We are back to yet another awesome lake experience, it feels pretty amazing to be back at the lake. Our destination today being Lake Magadi. Lake time and sunshine, all what the heart needs…
Our day trip started at 0800hrs (3 hrs 45 min drive). It took us about four hours to get to the Lake due to the many potholes along the way😩😩. In most of the places the earth looked like someone had sucked it dry. Several stopovers’ along the way helped us forget the bumby journey. For the Maasai, life for them appeared to have remained the same for centuries.
Lake Magadi is located southwest of Nairobi. The lake itself is located 30 min outside Magadi Town. It is an amazing unique and serene destination for nature lovers including bird watchers and adventure campers. It lies in a catchment of faulted volcanic rocks north of Tanzania’s Lake Natron. It is 32km long and 3km wide. During the dry season, its 80% is covered with soda and is well known for its wading birds, including flamingos. The area also boasts of hot springs, which is said to have curative powers for various skin ailments.
The geography and geology of the lake is such that it is among the few places on earth where trona, (a naturally occurring mineral that contains sodium bicarbonate compounds) is found at the surface. The final scenes of the movie “The Constant Gardener”, based on John le Carre’s novel, were filmed on the shoreline of the lake, when in fact the location in the story was Lake Turkana. Many production companies would be wowed by the breathtaking landscape view and the desert environment in Magadi. A number of films and music videos have been done in Magadi. Recent Music videos among hundreds would include:
- Wyre ft. Kalighraph – Hotter
- Noushka – Mungu wangu
- TID – Nyota yangu
- Sauti sol – Oya come make we go
A number of wildlife is also found around the lake; this includes giraffes, antelopes, ostriches, zebras, wildebeests, hyenas, and a few lion families are only seen very early in the morning or at night when the temperatures are low. Elephants and buffalos can be seen at the conservancy to the south of the lake. From a distance one can see the baking salt plains spread far and wide. The heat is quite high. Ensure you have carried enough drinking water.
We arrived at the facility early afternoon, waited at the guard station where we were given tickets then proceeded to the hot springs. We picked up a guide because the road to the hot springs had no road signs and in some of places you would have to drive on the lake. To be on the safer side always request for a guide. Some of us hiked halfway through. (I am some of us).The view was underwhelming to say the least.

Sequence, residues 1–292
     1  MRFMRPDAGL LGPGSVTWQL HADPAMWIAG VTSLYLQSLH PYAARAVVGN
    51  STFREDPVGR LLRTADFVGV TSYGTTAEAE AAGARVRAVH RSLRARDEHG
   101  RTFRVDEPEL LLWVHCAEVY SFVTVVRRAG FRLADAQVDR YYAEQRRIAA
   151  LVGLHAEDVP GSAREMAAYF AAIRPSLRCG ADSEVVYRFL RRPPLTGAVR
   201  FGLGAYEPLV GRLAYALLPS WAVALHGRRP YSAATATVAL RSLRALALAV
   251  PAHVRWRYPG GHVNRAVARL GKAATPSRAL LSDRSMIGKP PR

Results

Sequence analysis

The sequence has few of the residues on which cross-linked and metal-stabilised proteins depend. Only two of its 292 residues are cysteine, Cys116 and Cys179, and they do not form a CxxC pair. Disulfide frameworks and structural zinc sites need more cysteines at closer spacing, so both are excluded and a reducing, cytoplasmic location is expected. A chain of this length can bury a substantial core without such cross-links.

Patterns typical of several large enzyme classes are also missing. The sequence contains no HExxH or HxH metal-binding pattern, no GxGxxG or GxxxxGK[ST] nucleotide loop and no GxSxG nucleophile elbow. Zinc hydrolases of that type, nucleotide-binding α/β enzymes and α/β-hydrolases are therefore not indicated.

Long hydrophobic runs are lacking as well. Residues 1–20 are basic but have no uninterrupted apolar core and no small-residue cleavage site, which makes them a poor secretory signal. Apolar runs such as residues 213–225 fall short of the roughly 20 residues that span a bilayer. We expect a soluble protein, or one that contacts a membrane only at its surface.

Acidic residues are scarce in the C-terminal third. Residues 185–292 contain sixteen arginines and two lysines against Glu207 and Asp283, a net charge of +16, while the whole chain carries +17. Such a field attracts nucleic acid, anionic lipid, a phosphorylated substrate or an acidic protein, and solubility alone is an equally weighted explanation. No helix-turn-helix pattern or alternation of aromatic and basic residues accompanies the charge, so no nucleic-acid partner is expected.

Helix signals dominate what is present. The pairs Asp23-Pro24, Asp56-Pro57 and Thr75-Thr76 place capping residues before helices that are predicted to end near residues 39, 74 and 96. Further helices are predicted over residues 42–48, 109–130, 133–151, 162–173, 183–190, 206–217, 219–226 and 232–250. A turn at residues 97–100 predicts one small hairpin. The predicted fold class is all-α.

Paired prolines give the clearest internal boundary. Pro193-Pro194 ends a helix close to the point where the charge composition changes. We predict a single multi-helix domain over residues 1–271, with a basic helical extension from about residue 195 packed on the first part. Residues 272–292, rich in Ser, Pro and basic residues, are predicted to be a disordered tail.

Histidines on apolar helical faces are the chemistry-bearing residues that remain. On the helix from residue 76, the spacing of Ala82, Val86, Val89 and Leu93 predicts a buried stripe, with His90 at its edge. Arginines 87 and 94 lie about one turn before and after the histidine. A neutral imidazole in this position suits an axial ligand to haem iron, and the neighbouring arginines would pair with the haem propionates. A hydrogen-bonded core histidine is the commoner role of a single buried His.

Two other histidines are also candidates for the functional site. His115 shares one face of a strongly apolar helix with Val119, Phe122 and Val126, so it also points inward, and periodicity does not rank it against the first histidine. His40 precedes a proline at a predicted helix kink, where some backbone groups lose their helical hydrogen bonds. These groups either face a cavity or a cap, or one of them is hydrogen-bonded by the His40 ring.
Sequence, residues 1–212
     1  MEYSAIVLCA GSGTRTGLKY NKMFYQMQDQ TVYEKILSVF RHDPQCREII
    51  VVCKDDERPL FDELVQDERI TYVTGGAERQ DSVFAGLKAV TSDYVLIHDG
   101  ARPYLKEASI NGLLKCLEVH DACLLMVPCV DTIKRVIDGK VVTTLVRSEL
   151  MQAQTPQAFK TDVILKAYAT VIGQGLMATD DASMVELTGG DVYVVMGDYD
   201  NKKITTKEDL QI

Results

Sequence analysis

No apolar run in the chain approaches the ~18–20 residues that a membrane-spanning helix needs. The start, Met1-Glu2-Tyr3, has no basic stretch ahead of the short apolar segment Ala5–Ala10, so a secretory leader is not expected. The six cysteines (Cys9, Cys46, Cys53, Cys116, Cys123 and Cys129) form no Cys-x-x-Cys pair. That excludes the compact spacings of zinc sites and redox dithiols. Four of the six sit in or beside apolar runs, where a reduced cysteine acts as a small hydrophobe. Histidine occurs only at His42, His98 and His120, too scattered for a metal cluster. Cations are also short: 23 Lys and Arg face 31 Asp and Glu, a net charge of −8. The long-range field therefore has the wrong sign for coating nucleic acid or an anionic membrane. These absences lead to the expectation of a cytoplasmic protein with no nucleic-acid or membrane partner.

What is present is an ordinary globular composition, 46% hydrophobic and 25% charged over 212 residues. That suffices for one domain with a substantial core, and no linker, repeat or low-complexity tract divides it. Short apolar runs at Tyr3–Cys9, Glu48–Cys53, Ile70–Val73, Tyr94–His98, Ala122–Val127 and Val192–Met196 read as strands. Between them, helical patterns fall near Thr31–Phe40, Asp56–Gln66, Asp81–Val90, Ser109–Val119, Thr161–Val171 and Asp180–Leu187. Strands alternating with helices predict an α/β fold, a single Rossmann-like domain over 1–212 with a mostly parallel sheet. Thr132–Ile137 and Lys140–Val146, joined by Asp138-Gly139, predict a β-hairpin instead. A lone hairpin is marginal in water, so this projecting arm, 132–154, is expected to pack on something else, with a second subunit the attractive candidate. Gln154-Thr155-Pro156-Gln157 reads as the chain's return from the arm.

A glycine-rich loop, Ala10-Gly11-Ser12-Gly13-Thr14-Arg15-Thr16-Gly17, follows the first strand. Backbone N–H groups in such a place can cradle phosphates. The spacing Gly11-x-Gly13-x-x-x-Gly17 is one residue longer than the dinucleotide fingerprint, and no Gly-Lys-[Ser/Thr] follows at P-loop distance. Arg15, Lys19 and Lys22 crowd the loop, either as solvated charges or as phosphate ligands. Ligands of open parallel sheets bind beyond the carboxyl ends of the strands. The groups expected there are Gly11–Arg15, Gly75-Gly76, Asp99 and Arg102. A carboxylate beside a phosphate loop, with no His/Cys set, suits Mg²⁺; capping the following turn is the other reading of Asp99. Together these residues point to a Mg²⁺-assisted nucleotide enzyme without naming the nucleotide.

The hot springs were the most exciting part of the journey. They are just hot enough to be tolerable, we found some of the local community members there; they informed us that the hot springs cure all kinds of diseases, e.g. asthma. I wouldn’t know how. If you decide to take a dip is prepare to look super ashy afterwards, the salt will leave a white cast on your skin – this I was not willing to try tho a fun experience. The Maasai women enticed us with their Jewellery. This is an awesome way to promote the local community and why not take home a souvenir.
In the town itself, is Lake Magadi Sports Club, the entry point for the hot springs, but also one of the few places to get a sit-down meal. Ignore the notice saying strictly no non-members allowed. Visitors can make use of the restaurant, pool (Ksh 300 a day) and bar. This is where some of us enjoyed a swim and also had our late lunch. They also offer decent rooms, starting from Ksh 8,000 for a double, BB. The club has a tented camp nearby, 15 tents offering slightly cramped, but comfortable enough, accommodation. Doubles start at Ksh 7,000 BB.
Would I travel to Lake Magadi again, heck yes…during the cold season tho. The hot weather is a disclaimer.